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Korean J Intern Med > Volume 29(4); 2014 > Article
Kim, Yoon, Ahn, Jeong, Cho, Park, and Kang: Acute right heart failure caused by iatrogenic brachiocephalic arteriovenous fistula following orthopedic surgery
To the Editor,
Acute right heart failure is caused commonly by acute right ventricular (RV) pressure overload from acute pulmonary thromboembolism, acute RV infarction, or acute exacerbation of preexisting RV failure from various causes [1]. However, acute right heart failure due to acute RV volume overload caused by arteriovenous fistula (AVF) between the brachiocephalic artery (BCA) and left brachiocephalic vein (BCV) has been described rarely.
A 37-year-old female presented to our institution with a sudden onset of left arm and facial swelling, worsening fatigue, jaundice, and abdominal discomfort accompanied by an elevation in liver enzymes (aspartate aminotransferase, 582 U/L; alanine aminotransferase, 610 U/L; and bilirubin, 7.4 mg/dL). She underwent orthopedic surgery at a private clinic 2 weeks prior for dislocation of the left sternoclavicular joint caused by a traffic accident. Left arm and facial swelling developed suddenly the day following her surgery and had not improved despite 2 weeks of medical treatment. Upon admission icteric sclera, jugular venous distension, hepatomegaly, leg edema, and f luid waves on the abdomen were noted. A previously overlooked continuous murmur with thrill was heard along the left upper sternal border and suprasternal notch. A chest roentgenogram revealed bulging of the right cardiac border, and electrocardiography revealed sinus tachycardia, enlarged RV size, tricuspid regurgitation with a peak velocity of 2.9 m/sec, and persistently dilated inferior vena cava. No abnormal findings explaining these irregularities were noted upon cardiac examination. However, abnormal continuous f low with a peak velocity of 4.7 m/sec from BCA to the venous structure was noted in the suprasternal window (Fig. 1). Computed tomographic angiography (CTA) showed no abnormal findings in the pulmonary artery and demonstrated the AVF between BCA and left BCV near the previous surgery site (Fig. 2). We concluded that iatrogenic AVF might be the cause of acute right heart failure and congestive hepatopathy. The patient underwent corrective surgery for the AVF and the operative finding was identical to those of CTA. The patient recovered and was discharged following corrective surgery.
AVF is an abnormal connection between the arterial and venous system that may be congenital or acquired [2]. With the increase in various diagnostic, interventional, or surgical procedures, the incidence of the iatrogenic AVF has increased [3]. The symptoms of AVF range from asymptomatic to mildly symptomatic depending on their location and the blood vessels involved, but may cause serious problems such as myocardial or cerebral ischemia, high output cardiac failure, or death [2].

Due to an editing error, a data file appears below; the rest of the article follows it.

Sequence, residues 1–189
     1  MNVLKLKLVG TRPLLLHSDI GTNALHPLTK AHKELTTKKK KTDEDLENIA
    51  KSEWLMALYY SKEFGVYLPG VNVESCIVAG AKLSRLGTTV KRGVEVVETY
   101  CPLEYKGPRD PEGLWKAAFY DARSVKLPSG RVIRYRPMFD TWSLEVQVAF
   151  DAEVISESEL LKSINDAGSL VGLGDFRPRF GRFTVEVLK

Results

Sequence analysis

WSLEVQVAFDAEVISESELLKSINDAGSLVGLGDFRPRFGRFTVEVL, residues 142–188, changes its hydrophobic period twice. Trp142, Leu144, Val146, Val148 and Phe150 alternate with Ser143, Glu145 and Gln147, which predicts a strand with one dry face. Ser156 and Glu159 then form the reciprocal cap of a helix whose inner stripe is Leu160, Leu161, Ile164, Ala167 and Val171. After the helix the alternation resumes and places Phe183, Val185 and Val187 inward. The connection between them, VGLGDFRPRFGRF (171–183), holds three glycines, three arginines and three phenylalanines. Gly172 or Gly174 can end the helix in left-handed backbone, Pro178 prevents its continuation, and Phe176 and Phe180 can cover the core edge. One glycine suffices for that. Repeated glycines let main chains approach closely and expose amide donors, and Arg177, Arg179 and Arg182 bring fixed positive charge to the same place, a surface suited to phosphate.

Although AVF may develop in any location, the formation of AVF between the BCA and left BCV is extremely rare and few cases have been described [4,5]. Duara et al. [4] reported a case of AVF between the BCA and left innominate vein following median sternotomy for surgery of an atrial septal defect. Clarkson et al. [5] also reported a case of right brachiocephalic AVF, which was made initially as the vascular route for hemodialysis, but the fistula chronically induced pulmonary hypertension, RV enlargement, and tricuspid regurgitation for 2 years and these complications were reversed following corrective surgery. The clinical manifestations of the present case were similar to those of the case reported by Clarkson et al. [5] except that the onset of right heart failure was acute and combined with congestive hepatopathy. The acute onset of left arm and facial swelling was also a unique feature of this case, and was possibly caused by the backward transmission of shunt flow to the left sided venous system. To our knowledge, this is the first case of acute right heart failure and congestive hepatopathy caused by AVF between the BCA and left BCV following orthopedic surgery. Therefore, health care providers should keep in mind these potential complications of AVF, particularly in a patient with unexplained heart failure who has undergone recent or remote invasive medical procedures.

Conflict of interest

No potential conflict of interest relevant to this article was reported.


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Figure 1
Transthoracic echocardiography revealed abnormal continuous color flow from the brachiocephalic artery to the venous structure (A) with a peak velocity of 4.7 m/sec on continuous wave Doppler (B).
Figure 2
(A, B) Computed tomographic angiography with three-dimensional reconstruction revealed an abnormal fistula (arrow) between the brachiocephalic artery (BCA) and left brachiocephalic vein (LBCV). LCCA, left common carotid artery.
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